If you’ve ever run on a backwoods trail, you know how treacherous it can be. If you’re not careful, you can trip on a tree root or hit a gopher hole and wipe out. Where I live, you can even end up going over the edge of a cliff.

When your environment is so chaotic that you have to focus all your attention on stability and survival, everything else gets pretty much blanked out. Creative, innovative or critical thinking are the furthest things from your mind. I’m not just talking about trail running, but for running anything: your career, your business or your life.

The human mind will always prioritize what it perceives to be survival threats ahead of everything else. And that’s a good thing. If it didn’t, none of us would be here. Note the keyword “perceives.” Perception is very different for different people.

Some of us feel threatened, fearful or anxious at the drop of a hat. It doesn’t take much for our minds to become overloaded by emotional stimuli and essentially shut down. Others become so accustomed to the adrenaline rush of the fight or flight response that they can still think clearly and make solid decisions under stress.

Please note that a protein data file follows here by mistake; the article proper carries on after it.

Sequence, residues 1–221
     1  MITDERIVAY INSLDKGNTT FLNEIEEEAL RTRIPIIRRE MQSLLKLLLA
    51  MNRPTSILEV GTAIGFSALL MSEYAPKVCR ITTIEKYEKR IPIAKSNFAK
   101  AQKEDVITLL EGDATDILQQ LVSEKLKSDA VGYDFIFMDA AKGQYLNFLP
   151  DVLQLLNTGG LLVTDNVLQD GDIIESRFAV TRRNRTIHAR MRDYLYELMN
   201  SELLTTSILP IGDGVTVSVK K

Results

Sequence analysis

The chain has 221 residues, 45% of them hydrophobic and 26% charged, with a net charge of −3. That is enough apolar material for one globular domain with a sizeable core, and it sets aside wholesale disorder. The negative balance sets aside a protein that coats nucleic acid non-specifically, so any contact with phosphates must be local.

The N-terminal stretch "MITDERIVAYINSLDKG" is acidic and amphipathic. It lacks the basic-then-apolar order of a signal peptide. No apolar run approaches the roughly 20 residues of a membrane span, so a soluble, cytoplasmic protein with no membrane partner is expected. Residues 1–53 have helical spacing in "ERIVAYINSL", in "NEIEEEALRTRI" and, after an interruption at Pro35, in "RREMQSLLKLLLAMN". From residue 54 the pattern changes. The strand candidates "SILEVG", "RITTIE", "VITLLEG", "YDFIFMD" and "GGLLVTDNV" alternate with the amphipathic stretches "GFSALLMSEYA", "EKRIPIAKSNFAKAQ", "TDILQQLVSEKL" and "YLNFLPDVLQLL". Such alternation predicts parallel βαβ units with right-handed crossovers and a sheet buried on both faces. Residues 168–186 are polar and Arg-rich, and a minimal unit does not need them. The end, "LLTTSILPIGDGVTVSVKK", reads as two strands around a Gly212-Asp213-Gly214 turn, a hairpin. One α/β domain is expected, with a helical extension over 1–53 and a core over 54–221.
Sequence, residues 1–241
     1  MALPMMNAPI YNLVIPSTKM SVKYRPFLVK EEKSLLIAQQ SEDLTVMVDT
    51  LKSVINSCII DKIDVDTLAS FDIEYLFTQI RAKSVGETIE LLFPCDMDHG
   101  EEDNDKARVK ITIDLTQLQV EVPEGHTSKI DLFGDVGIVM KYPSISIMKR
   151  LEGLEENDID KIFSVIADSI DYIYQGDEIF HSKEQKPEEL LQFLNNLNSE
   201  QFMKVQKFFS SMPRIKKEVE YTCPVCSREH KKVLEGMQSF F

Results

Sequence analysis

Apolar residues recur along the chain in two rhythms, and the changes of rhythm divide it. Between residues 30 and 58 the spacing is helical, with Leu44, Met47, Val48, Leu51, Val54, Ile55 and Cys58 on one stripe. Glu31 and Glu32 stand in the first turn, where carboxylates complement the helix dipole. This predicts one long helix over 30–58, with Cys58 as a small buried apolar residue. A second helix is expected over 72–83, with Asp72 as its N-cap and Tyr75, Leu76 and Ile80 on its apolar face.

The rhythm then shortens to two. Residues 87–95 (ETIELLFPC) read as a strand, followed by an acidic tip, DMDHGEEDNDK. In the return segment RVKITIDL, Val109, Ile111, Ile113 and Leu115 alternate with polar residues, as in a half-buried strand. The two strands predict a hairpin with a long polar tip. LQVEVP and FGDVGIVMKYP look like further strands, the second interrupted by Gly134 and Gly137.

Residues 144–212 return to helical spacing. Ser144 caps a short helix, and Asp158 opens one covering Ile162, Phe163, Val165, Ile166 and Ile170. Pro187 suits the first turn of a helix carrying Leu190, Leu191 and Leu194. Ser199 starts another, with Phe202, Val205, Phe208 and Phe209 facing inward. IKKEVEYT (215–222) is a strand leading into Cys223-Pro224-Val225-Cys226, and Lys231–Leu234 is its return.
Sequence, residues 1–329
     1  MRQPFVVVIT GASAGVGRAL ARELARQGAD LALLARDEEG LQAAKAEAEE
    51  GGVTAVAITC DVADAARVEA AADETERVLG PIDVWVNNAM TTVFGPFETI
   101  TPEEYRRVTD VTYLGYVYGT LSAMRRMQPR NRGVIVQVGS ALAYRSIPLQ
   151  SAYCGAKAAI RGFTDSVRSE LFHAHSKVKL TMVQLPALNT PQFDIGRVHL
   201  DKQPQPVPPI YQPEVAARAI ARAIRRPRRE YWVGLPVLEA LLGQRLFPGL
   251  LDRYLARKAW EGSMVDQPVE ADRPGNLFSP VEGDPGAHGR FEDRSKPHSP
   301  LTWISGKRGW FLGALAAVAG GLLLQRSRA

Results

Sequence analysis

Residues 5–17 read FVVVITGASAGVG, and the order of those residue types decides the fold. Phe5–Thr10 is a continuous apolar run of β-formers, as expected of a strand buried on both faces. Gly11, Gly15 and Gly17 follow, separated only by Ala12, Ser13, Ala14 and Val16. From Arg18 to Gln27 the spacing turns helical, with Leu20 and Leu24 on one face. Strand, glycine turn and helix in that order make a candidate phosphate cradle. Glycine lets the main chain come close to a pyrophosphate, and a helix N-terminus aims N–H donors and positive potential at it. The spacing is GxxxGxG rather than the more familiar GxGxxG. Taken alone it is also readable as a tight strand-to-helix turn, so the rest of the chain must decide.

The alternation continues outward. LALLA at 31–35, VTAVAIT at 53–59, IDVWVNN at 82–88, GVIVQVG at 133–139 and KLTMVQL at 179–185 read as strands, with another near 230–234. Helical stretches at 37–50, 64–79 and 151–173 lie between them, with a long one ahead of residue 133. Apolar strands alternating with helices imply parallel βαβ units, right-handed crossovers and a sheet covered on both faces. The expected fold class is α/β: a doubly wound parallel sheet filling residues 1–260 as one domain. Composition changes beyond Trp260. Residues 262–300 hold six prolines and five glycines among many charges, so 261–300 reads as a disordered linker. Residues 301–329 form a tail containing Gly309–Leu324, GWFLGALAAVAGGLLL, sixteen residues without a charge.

Each of our environments are also different. Some of us have more stressful jobs or lead more chaotic lives. In my experience, much of that is self-inflicted.

Regardless, how you react to emotional stress affects you in profound ways. It affects your work, your relationships and your health. Something to consider when you feel anxious, blocked or out of sorts. Is the cause external or internal? What’s your reaction when it happens? You might want to spend a little quality time with yourself to understand what’s going on.

Image credit Eduardo Metinger via Flickr